the physics is quite straight forward.. and Bluebee you are wrong... I assume you are just being provocative... in the vernacular of Northern England, this is a wind up. If the volume of bees to the surface area of the foam is high, then foam works very well. If the ratio is low, then the temp in the hive is going to track the average daily temp which is about 21F/-6C here right now. That’s what I call a freezer. What temperature is your freezer set to?
The few watts from a weak cluster of bees just get sucked up and absorbed by all that cold honey as opposed to warming up the hive. It’s a losing battle. In such hives the bees just keep moving slower and slower until the finally stop for good. :(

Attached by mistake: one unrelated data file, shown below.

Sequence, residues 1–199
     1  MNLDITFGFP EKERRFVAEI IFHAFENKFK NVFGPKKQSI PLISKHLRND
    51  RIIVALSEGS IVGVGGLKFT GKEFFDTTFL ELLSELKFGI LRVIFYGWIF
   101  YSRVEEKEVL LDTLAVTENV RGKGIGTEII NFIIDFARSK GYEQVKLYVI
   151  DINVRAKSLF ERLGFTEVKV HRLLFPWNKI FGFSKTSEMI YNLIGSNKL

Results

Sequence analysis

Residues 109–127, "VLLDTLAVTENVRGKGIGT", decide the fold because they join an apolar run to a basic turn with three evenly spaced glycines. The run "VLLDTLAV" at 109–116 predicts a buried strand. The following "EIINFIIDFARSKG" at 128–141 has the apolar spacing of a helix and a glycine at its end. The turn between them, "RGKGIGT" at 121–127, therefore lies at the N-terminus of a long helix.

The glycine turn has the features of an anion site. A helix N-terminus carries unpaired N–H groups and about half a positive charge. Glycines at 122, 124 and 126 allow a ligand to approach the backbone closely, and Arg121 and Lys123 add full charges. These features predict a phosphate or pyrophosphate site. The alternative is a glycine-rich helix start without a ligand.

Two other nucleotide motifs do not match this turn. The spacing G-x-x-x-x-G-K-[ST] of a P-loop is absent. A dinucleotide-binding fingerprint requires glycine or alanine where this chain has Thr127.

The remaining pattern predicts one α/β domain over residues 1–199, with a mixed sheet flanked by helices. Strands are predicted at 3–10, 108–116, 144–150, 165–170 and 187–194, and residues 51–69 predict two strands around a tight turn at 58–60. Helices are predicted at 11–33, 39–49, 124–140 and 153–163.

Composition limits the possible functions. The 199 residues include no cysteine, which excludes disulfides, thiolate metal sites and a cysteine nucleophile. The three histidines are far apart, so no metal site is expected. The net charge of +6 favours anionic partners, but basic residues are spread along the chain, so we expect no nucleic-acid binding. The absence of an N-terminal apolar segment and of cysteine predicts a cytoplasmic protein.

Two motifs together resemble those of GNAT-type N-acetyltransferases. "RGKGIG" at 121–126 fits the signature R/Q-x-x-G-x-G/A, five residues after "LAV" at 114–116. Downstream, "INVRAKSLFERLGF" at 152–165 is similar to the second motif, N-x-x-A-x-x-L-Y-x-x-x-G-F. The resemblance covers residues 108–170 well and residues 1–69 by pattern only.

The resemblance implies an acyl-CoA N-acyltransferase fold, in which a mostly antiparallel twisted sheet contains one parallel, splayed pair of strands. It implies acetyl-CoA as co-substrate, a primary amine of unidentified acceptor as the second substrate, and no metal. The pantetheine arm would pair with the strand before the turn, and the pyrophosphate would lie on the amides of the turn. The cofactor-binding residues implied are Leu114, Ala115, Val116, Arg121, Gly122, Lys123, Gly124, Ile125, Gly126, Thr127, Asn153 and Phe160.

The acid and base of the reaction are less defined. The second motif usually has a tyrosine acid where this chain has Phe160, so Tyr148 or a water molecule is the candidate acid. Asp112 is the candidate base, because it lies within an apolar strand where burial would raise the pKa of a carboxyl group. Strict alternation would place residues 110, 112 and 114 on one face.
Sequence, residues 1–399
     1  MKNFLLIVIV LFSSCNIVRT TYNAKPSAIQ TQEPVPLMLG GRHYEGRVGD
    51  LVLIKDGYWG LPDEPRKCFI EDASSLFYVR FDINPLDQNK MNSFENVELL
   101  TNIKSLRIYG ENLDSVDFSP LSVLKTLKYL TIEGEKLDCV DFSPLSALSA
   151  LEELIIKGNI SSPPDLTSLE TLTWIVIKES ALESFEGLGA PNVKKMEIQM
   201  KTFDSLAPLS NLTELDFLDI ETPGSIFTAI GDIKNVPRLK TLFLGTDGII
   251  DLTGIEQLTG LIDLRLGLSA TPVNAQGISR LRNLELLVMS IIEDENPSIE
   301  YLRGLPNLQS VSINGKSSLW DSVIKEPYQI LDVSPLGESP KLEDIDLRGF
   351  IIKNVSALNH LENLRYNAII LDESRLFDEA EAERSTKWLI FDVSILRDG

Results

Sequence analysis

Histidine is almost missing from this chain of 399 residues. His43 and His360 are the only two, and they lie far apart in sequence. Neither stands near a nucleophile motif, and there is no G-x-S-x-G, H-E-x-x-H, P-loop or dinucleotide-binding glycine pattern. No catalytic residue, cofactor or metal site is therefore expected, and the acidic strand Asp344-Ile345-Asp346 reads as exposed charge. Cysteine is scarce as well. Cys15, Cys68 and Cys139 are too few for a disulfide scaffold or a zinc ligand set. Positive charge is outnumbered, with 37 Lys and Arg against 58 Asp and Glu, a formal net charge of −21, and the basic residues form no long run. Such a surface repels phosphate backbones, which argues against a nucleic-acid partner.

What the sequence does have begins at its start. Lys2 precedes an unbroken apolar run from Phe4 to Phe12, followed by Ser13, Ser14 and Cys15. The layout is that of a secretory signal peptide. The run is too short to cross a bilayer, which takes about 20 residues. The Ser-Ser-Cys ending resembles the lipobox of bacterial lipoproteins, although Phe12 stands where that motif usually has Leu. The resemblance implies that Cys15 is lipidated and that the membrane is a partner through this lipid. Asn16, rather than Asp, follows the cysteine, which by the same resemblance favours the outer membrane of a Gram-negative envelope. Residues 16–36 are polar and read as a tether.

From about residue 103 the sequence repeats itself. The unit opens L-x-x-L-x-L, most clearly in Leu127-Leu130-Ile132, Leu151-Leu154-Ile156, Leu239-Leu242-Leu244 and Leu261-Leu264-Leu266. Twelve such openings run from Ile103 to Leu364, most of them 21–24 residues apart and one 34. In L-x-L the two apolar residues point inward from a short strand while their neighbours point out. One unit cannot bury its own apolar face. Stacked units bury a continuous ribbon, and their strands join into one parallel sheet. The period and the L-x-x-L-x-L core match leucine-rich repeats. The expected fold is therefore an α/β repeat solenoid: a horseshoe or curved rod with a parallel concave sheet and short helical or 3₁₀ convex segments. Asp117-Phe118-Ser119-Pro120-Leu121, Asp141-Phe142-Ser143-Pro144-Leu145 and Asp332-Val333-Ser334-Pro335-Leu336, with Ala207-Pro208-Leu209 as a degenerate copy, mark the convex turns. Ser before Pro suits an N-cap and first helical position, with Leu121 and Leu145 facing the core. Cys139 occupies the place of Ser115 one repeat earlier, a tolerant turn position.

A freezer is an insulated cavity with a heat pump. I dont recognise any heat pumps in a winter colony.
Conventional hive geometry is very poor for higher temperature heat retention. It seems to assume that the air inside is a solid not a fluid.
Cold honey? where does this come from. The honey starts out warm, then heat flows hive resisted by its themal conductivity and delayed by its thermal mass.
If your surface area is too large for the heat source... Change it.
If you are getting mass transfer taking heat away .... Seal it.
Bees in tree nests have all of this solved. Like the ball catcher they have a good solution to the differential equations of the problem.
(p.s. they have feral bees in Alberta!)